It was interesting to see the classes being helmed by from those actually working day-to-day in the restaurant business. Particularly in the area of cocktails, where it probably helps to lift some of that veil of intimidation when it comes to ordering in some of the city's many well-known cocktail establishments. Obviously, having a better basic idea about what is involved in the cocktail making process helps, but so does seeing someone out and about in broad daylight who you only see in the context of standing behind a dim bar and concocting your drinks. Having them talk and explain things to you without being pressed for time because they're making five drinks while trying to serve everyone else in the bar puts the whole thing in a different light. While in a bar you might a , "So what's the different between these bitters" would snag you a quick answer, at least you wouldn't feel bad about asking any follow-up questions away from the bar and crowds of other people who just want their drink.

And Jonathan's class was just that sort of setting. Right as I was sneaking in 20 minutes late, Jonathan was in the middle of giving a brief history of cocktails to people in the class. Since this class was more about drink creation, the history served a background to cocktail families and recipes so people in the class could familiarize themselves with what kind of drinks are out there and what basic rules drink recipes follow. The tools of the trade were also explained. For the last couple of minutes, the class got broken up into teams to create and present their own creations.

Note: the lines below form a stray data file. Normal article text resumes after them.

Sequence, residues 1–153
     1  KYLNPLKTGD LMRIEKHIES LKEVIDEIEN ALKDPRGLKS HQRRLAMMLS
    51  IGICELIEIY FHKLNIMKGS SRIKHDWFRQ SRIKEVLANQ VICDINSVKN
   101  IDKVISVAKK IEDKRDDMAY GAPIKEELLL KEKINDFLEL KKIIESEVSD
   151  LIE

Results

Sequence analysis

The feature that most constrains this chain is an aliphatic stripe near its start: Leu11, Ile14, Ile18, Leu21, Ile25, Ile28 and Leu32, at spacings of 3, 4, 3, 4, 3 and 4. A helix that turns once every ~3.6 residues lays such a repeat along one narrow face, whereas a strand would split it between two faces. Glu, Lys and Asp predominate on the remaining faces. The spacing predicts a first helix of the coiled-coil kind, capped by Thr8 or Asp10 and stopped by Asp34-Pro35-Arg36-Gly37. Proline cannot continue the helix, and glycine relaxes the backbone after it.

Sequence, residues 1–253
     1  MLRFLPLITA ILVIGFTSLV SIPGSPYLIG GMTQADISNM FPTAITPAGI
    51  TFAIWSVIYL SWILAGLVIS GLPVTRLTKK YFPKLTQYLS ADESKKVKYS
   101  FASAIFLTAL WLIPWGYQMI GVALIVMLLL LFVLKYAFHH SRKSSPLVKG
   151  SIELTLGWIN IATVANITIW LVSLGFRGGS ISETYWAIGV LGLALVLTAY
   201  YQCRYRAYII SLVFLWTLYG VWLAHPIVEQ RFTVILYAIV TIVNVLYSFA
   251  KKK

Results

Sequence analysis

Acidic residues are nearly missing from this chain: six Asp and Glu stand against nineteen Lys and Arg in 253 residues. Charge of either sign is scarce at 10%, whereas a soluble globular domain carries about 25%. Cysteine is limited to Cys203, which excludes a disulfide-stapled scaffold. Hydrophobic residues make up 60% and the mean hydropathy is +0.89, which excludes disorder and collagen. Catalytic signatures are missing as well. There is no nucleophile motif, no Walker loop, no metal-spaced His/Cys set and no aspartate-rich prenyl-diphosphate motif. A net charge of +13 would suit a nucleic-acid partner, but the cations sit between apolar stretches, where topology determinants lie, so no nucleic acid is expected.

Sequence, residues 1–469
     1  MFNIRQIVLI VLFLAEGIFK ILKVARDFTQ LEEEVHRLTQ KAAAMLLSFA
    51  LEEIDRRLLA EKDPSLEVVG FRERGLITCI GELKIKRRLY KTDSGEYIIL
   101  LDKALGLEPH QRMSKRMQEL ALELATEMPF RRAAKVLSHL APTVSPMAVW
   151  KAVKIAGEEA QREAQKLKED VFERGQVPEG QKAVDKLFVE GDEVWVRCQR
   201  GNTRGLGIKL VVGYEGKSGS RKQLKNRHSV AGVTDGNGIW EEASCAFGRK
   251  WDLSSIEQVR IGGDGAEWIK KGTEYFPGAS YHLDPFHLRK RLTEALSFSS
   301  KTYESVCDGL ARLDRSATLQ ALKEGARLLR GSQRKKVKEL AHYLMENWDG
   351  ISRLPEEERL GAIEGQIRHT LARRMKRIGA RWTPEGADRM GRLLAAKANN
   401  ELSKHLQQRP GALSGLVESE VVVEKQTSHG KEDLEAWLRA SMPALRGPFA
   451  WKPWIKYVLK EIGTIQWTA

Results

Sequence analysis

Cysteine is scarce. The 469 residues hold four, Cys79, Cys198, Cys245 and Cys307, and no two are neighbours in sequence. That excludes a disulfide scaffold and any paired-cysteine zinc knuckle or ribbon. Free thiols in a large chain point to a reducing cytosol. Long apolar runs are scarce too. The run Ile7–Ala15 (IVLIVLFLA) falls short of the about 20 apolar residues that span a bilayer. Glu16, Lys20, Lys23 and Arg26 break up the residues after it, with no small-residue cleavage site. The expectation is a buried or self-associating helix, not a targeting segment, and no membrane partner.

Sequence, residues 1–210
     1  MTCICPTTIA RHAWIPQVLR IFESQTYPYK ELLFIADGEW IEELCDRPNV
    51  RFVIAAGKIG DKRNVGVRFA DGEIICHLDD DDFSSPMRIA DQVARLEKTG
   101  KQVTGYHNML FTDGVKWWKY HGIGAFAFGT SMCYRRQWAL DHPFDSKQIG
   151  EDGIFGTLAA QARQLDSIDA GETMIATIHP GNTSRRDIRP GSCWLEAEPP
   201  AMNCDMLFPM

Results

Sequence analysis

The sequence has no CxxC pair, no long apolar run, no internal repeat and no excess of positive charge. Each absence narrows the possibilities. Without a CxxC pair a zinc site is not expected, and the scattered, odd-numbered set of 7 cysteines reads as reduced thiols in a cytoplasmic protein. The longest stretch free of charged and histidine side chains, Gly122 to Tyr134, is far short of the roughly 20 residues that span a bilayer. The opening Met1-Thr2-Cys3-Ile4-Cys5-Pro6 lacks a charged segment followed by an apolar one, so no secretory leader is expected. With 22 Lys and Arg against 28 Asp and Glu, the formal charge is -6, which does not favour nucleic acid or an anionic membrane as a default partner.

It was interesting to see how much the people in the class were aware of what was going on in bars nowadays. More than half the class answered correctly about the first American cocktail being the Sazerac and during the explanation of bar tools, one attendee asked about the Boston Shaker. The ones in the class were the usual kind, with the 28 oz. tin top and mixing glass for a bottom. She wanted to know then what was the difference between the ones we had in class and the ones that were all metal. Obviously, someone was paying attention when they went out to drink because she was referring to the beveled shaker tins that some bartenders in the city prefer to use, replacing the mixing glass with a another stainless steel tin.

If anything, this was a pretty good indicator of why the bartender of today definitely needs to be on their toes. Consumers are becoming more curious and aware about what they're drinking. It's been going on for a while now, but just as there are the droves of foodies (I apologize for using this word) taking food porn pictures for Flickr and blogging diary-style about every morsel of food that passes their lips, I see plenty of "drinkies" strolling up to bars, chatting up bartenders, many times genuinely curious, and sometimes obnoxiously quizzing them. Now when you talk about beverages as a whole, this isn't anything new. Homegrown experts on beer, wine, sake, whiskey, what have you have been around plenty, but the class was a jolting reminder that mixed drinks are now also part of this foodie/drinkie world as well. People are expecting more and paying attention to what's going in the drinks, how their bartender is mixing it. They might not just want to know what, they might want to know why as well and they're probably going to come in armed with their own resource and knowledge about a subject.

Jonathan has been teaching at the Astor Center since April and says that response has been great. Every class he's taught have been sold-out and recently new dates were added due to popular demand. When I asked if there were any plans to create something more serialized, Jonathan said maybe that's something to look forward to in the future, but for now, people seem happy to come in for a single class to at least get the basics.